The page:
iPhone apps for public transport users is next big thing

7 Oct 2008

Personalised information for bus passengers, tailored maps and online payment on the go via your iPhone is about to become a reality for millions of US public transport users.

An Irish technology company called Mapflow yesterday unveiled a new technology at the annual meeting of the American Public Transit Association (APTA).

The company, which was acquired by US millionaire businessman Sean O’Sullivan last year for US$6.1m, has developed a new technology called Avego Futurefleet which combines next-generation computing of devices such as the iPhone with Web 2.0, SMS, RTPI and online ticketing.

The company, which has deployed mapping systems for the European Space Agency, the AA and BT, has created a technology that allows managers of public buses, shuttles, coaches and vanpools to reach commuters and fill empty seats.

The Avego system combines mainstream consumer technologies such as inexpensive GPS devices, SMS or email messaging, online booking and payment systems with open transportation protocols to offer operators a real-time passenger information (RTPI) and ticketing system that can be deployed in weeks, at a cost more than 10 times cheaper than previously available.

“In today’s environment, with rising gas prices, every empty seat represents untapped revenue potential for a transport operator,” said Sean O’Sullivan, Mapflow chairman.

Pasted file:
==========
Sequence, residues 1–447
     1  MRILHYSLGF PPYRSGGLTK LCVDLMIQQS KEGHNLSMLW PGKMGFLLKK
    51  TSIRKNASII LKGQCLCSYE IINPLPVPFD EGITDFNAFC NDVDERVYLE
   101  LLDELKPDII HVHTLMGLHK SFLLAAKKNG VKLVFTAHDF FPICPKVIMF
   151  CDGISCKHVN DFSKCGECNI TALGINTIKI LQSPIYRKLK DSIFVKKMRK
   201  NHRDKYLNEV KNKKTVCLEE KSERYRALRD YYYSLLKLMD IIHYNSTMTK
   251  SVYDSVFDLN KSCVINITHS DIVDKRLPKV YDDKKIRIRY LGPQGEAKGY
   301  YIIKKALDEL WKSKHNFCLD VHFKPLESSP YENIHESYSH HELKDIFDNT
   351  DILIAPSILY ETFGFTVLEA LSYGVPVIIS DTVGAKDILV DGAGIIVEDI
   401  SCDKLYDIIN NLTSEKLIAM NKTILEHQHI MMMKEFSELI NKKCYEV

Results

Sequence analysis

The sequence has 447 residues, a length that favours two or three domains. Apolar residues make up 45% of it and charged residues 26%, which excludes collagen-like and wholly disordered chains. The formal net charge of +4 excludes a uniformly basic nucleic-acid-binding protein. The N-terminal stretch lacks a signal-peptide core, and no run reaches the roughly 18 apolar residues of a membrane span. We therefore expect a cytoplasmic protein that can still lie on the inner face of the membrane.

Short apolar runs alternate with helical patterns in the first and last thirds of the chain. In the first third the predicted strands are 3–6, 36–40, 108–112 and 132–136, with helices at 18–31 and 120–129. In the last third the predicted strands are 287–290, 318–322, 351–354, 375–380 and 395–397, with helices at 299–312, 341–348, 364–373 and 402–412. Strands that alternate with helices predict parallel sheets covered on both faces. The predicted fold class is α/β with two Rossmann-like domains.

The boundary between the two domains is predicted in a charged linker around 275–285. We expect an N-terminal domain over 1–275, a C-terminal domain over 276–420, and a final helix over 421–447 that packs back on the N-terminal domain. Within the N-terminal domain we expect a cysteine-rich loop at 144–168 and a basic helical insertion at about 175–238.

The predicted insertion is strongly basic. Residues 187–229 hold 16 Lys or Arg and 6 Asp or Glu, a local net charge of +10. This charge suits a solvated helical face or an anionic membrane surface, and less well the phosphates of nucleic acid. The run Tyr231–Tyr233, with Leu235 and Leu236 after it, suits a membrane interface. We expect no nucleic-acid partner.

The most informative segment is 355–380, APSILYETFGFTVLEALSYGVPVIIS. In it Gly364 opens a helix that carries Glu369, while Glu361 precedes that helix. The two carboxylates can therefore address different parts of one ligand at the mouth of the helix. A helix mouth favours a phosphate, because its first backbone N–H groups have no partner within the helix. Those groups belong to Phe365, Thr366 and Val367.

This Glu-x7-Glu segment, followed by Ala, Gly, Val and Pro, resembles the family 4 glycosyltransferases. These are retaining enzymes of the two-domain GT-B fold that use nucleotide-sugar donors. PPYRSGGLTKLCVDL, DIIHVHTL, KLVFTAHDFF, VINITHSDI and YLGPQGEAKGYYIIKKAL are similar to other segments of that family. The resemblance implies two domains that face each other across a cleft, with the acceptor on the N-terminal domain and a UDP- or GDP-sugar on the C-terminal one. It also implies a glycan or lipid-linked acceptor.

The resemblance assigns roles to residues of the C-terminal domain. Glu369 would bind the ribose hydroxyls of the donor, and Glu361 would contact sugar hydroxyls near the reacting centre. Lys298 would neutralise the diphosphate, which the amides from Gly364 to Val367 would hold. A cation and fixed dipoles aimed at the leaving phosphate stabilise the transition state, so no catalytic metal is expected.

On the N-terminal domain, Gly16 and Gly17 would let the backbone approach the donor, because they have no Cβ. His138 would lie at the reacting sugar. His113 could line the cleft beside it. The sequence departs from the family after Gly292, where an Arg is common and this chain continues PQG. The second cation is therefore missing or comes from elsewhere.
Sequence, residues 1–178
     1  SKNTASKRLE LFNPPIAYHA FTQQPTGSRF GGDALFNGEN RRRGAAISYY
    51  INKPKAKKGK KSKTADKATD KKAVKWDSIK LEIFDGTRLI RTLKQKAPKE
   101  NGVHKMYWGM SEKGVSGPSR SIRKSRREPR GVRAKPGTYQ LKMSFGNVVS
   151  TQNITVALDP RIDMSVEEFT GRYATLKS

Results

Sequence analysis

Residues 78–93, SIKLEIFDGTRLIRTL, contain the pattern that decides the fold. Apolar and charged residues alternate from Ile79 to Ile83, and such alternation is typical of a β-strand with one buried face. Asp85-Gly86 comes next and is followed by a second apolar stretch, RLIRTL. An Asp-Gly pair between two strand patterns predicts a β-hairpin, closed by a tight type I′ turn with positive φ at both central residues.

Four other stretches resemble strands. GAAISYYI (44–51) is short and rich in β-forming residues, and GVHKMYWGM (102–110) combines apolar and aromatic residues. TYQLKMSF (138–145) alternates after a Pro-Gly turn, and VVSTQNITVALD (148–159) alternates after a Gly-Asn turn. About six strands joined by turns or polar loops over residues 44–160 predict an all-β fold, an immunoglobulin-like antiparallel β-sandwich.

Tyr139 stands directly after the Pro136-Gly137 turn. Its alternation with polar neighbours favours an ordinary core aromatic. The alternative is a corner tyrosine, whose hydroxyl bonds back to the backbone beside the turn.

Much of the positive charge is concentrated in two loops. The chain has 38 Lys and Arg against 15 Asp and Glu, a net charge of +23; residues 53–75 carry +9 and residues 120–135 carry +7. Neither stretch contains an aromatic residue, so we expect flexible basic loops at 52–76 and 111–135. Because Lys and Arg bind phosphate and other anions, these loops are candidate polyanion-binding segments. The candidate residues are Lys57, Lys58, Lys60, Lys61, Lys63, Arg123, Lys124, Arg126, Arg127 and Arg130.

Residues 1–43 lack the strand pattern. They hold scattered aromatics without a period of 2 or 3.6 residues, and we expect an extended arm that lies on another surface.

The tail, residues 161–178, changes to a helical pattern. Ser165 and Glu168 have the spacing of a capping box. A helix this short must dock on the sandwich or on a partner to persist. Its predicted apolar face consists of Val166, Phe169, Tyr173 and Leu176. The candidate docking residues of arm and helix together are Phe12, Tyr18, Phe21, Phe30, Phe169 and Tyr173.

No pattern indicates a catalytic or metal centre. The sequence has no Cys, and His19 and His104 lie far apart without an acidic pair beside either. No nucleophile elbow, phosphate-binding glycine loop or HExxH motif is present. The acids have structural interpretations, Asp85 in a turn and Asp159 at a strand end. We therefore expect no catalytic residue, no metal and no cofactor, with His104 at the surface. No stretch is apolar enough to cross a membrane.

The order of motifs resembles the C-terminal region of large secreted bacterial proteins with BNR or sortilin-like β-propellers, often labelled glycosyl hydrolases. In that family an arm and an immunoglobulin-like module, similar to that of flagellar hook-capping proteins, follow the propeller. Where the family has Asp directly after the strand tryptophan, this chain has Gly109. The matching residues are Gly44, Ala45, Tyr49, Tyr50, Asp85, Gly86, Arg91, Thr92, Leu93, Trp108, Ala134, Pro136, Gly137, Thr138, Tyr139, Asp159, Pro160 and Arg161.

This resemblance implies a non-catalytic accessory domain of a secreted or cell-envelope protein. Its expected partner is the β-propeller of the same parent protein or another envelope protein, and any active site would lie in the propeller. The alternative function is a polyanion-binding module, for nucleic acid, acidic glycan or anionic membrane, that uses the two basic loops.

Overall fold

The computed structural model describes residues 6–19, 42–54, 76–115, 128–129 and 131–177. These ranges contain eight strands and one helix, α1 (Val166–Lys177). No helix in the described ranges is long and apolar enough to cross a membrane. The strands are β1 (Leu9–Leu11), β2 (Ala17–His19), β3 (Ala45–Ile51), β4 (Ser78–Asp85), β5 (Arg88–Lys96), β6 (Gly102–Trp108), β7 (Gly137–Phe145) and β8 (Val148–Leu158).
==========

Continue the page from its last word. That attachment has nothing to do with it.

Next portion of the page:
“Avego recognises the tremendous cost advantage of bus systems over other forms of transport, and is helping operators tap into burgeoning customer demand by enabling operators to offer these seats in real-time to tech-savvy consumers,” O’Sullivan said.

The system includes a free online journey planner capability to give instant scheduling and fare information and ticketing options to passengers either online or via the iPhone.

It also provides iPhone, SMS and email support to offer bus passengers RTPI on bus locations, schedules and routing options.

For the transport operators, the technology includes in-vehicle 7-inch data terminals with GPS and audio capabilities integrated with a web ticketing and vehicle tracking system, as well as a departure board RTPI capability that works both online and offline.

The system has already been deployed in Ireland for the country’s largest private bus operator JJ Kavanagh & Sons.

“In this era of instant information, we want to provide our customers with personalised real-time departure and arrival information, as well as digital ticketing,” said the compay’s IT and business development manager, Adam Buckeridge.

“We’ve been working with Avego to roll out these capabilities both online and throughout our fleet in Ireland.”

It is understood that several of Mapflow’s Avego Futurefleet capabilities are available at no cost to transport operators, while the mobile data terminals can be deployed at a cost of US$995 per vehicle.

“A central problem in the transport industry is not a lack of vehicles or infrastructure; it is the inability to easily communicate and connect the huge number of riders with the huge number of empty seats that are wasted every day,” said Harvey Applebe, Avego co-founder and CTO of Mapflow.

“Our goal is to address this problem one seat and one passenger at a time. Avego Futurefleet is the ideal solution for empowering transport operators to join us in this quest by eliminating wasted capacity while dramatically increasing revenue and profits,” Applebe said.

By John Kennedy

Pictured: the Apple iPhone 3G could soon prove its worth on public transport

John Kennedy is a journalist who served as editor of Silicon Republic for 17 years